Vision and Revision

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Engaging the Uniting Methodists Vision Statement

Last week in this space I put forward a critique and a challenge to the Uniting Methodist movement.  In response to their initial public appearance and the unveiling of their website I offered a simple criticism:  there is no way forward without new theological vision.  I noted the absence of scholars in the makeup of Uniting Methodists’ leadership team and observed that their platform constitutes a reiteration of the status quo.  To my eyes they seemed like so many other centrist movements in our denomination:  doomed to failure because of their pragmatic orientation, helpless to engage the passionate feelings and profound theological disagreements within United Methodism.

Then, sometime later in the week, the theological statement of Uniting Methodists was unveiled.  Suddenly, it seemed as though my exact criticisms had already been anticipated by the leadership of the movement.  As I read through the document I was continually surprised by its seriousness, scope, and depth.  Here was a heartfelt, thoughtful, and serious engagement with scripture and a faithful effort to bring the teaching of the Church to bear upon the struggles in our denomination.  In my initial article I held up the Wesleyan Covenant Association as an example of a group offering a clear and new theological vision for the future of the church, but the WCA has produced no official theological statements comparable to the vision statement of Uniting Methodists.  This vision statement shows that Uniting Methodists is serious about shaping a future for the United Methodist Church and not just “holding the denomination together” or keeping things like they’ve always been.

Over the next few weeks, as I have time, I will be posting a detailed theological engagement with the vision statement of Uniting Methodists.  This is not because I have signed on to their statement or committed myself to deconstruct it.  I will be engaging with this statement because no other group proposing a vision for the future of United Methodism has offered such a rich and ambitious theological statement.  The statement itself calls for conversation and is worthy of it.  And anyway, if you write a blog post demanding acts of theological imagination you can’t just retreat back into your corner when they somehow actually materialize!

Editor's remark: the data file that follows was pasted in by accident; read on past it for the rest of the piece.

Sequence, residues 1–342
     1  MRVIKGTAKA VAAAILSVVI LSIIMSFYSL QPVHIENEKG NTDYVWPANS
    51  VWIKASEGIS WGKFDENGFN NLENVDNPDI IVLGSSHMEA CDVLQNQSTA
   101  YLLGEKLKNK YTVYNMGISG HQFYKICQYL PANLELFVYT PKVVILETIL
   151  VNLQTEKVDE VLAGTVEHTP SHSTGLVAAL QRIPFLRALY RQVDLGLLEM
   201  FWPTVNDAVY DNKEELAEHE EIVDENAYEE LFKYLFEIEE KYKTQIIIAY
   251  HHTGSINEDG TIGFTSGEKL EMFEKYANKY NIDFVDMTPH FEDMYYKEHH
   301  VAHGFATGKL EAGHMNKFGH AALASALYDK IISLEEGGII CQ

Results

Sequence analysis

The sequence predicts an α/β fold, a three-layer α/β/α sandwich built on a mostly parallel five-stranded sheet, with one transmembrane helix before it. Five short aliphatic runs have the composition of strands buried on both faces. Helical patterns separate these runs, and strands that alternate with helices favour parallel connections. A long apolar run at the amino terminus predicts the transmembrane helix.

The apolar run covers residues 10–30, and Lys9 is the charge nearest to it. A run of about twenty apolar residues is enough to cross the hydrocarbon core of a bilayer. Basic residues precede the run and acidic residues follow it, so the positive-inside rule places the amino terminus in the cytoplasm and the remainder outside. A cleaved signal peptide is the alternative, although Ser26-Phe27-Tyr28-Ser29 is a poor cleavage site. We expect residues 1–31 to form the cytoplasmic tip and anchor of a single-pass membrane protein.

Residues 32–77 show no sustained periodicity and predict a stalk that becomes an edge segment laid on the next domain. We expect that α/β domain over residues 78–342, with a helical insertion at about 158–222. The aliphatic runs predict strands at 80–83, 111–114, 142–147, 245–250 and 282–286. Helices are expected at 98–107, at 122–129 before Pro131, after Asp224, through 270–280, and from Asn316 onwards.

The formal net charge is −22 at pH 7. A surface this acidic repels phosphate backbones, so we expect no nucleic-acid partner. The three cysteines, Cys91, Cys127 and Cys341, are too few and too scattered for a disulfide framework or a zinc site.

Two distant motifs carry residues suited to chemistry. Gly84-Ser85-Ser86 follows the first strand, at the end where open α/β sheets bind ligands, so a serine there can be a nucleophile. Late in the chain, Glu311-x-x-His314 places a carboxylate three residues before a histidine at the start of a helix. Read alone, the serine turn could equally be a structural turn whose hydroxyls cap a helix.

Furthermore, was conceived with a vision of bringing deeper and sharper theological analysis to the current affairs of United Methodism (you can read our Statement of Purpose here).  Those of us who came together to form the site felt as though the usual level of discourse about our intra-denominational struggles was not only acrimonious (as is often bemoaned and acknowledged) but also absolutely lacking in theological rigor.  In a spirit of charity, we set ourselves to doing what we could to address this deficiency and offer our denomination another sort of conversation.  It is exciting to see others, more prominently positioned, who are concerned with a similar structural problem in our debates.  We would be remiss in failing to offer both our praises and our criticisms for their venture.

Because my focus will be theological, I will not take time to address the political practicalities of a movement like Uniting Methodists.  Commentators from the traditional wing of the church are right to point out that it is unlikely to have the votes, judging by past precedent of similar measures, such as the “agree-to-disagree” amendment to the Social Principles at the 2012 General Conference.  One may note in this connection that there are no Africans on their leadership team, even though all regions of the United States are represented.  Because such questions are not my forte I will not address them in my engagement with the vision statement, even though they are of vital importance for the future of our denomination in general and the particular place of Uniting Methodists in that future.


A First Impression

My engagement with the theological statement will unfold mainly in two modes.  In these posts I will offer critique on the one hand and constructive explorations on the other.  That is, some posts will consist in a minute working out of problems that I see in the contentions or wording of the document, while others will take the document as a springboard for further theological reflections.  Both of these modes of engagement are necessary for fostering the new theological vision which is needed if there is to be a way forward for our denomination.  If the reasoning of a theological statement is undermined by flaws or its wording marred by infelicities, then it cannot bear the weight which it must carry.  And yet if it cannot spur both intuition and intellect to new epiphanies, further reflections, and deeper thought, then it will fail in the potency which true vision must offer.  Is it sound?  Does it inspire?  These are my questions.